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If you want to strafe (sp?), turn ur camera 90 deg. move forward one space, then rotate back to the way u were facing, this will give the effect that u moved sideways. Sounds like useless info but youd be surprised how long it took me to figure that out...

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Quote:
Original post by SilverLogic
If you want to strafe (sp?), turn ur camera 90 deg. move forward one space, then rotate back to the way u were facing, this will give the effect that u moved sideways. Sounds like useless info but youd be surprised how long it took me to figure that out...


I've just started learning 3D graphics programming, but for strafing, instead of rotating the camera 90 degrees, moving forward one space, then rotating back 90 degrees, why couldn't you just move all the vertices to the left or right by plugging them in a camera matrix which contains the amount to strafe by along the x axis? Why do you need to rotate? It kind of seems redundant to me.

Thanks,
Taylor Eagy

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Guest Anonymous Poster
Quote:
Original post by Razorpro
Quote:
Original post by SilverLogic
If you want to strafe (sp?), turn ur camera 90 deg. move forward one space, then rotate back to the way u were facing, this will give the effect that u moved sideways. Sounds like useless info but youd be surprised how long it took me to figure that out...


I've just started learning 3D graphics programming, but for strafing, instead of rotating the camera 90 degrees, moving forward one space, then rotating back 90 degrees, why couldn't you just move all the vertices to the left or right by plugging them in a camera matrix which contains the amount to strafe by along the x axis? Why do you need to rotate? It kind of seems redundant to me.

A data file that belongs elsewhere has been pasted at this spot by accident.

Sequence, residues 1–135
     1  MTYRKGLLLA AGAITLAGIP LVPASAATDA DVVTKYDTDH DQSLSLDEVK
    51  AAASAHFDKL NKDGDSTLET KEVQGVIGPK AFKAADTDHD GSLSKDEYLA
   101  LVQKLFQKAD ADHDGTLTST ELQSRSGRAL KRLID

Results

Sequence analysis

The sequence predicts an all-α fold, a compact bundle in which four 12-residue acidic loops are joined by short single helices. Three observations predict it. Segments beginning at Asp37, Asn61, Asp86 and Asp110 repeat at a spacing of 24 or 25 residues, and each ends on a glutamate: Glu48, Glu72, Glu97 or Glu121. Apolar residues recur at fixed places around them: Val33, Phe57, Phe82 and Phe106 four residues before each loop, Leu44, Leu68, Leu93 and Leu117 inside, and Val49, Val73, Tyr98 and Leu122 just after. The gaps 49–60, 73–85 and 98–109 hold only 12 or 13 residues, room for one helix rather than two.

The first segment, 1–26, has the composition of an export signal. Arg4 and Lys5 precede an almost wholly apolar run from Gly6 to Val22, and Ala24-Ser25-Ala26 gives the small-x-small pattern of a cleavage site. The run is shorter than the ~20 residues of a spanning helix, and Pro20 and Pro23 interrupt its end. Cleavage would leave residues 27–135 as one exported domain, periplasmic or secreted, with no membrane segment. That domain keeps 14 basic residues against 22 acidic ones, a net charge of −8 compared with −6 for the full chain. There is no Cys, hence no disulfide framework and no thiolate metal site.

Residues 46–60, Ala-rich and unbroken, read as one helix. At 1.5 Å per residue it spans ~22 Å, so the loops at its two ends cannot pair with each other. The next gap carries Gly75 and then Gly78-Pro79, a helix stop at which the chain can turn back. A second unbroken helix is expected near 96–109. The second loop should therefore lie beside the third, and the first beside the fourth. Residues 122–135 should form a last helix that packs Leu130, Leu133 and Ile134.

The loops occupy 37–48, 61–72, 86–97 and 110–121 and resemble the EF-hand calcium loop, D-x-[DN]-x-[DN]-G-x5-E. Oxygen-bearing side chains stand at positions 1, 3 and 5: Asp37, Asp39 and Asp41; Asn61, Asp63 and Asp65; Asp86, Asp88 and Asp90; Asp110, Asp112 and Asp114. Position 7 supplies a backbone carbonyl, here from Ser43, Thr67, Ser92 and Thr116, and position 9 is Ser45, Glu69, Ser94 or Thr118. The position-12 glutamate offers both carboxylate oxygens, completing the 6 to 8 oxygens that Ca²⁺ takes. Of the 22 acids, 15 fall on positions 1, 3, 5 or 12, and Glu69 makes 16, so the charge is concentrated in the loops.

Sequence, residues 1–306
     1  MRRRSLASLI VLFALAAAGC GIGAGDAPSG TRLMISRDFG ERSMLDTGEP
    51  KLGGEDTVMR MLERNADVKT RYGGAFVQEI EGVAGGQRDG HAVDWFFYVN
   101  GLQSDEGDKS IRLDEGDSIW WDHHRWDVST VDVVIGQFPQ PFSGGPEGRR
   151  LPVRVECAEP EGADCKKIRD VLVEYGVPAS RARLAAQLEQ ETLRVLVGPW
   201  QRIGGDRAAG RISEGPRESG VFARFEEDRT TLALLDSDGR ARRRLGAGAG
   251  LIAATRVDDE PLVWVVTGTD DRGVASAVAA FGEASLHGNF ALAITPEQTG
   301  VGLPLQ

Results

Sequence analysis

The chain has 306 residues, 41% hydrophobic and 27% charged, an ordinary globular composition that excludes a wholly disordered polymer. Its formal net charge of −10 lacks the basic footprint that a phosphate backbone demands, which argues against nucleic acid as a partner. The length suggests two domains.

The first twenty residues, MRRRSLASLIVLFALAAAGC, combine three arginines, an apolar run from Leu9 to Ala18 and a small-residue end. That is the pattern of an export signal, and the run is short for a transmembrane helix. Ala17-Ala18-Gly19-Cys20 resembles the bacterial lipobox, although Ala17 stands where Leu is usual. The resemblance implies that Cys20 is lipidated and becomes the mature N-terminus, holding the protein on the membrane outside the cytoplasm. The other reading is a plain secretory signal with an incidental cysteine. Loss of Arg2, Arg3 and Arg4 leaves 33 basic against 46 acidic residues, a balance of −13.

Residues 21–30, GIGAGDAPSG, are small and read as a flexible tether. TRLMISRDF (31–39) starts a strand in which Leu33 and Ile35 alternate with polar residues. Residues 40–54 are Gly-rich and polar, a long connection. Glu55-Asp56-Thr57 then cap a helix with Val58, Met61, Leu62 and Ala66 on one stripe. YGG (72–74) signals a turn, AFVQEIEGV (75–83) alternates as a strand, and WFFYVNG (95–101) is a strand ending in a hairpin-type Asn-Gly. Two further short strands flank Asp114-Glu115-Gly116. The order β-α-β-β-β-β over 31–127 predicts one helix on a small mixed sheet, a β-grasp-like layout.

Thanks,
Taylor Eagy


Well you should really just get a vector 90 degrees clockwise or anti-clockwise to your direction vector (use cross product) then translate using this. you cant just move along x,y,z as strafing is relative to your direction.

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There are certainly ways you could hack strafing into your current camera code. But if you're serious about 3d programming, at some point you'll want to do it right. For that you'll need to get caught up on linear algebra, matrices, etc.

There are many references on the subject (including several here on gamedev). One good one is '3D Math Primer'.

What would be ideal would be to learn about 3x3 rotation matrices, and use one to represent the orientation of your camera. The strafe, up and forward axes can be extracted from this matrix and used for movement. Also, the matrix itself can be converted into OpenGL format and submitted via glMultMatrix().

I won't lie to you - there's a lot of ground to cover to get a functional math library working, including such issues as handedness, row or column vectors, row- or column-major matrices, using quaternions, etc. But it's worth it.

Meanwhile, like the AP said, the normalized cross product of your forward vector and your up vector (if you have access to it) is your strafe vector.

Anyway, I hope some of that helps.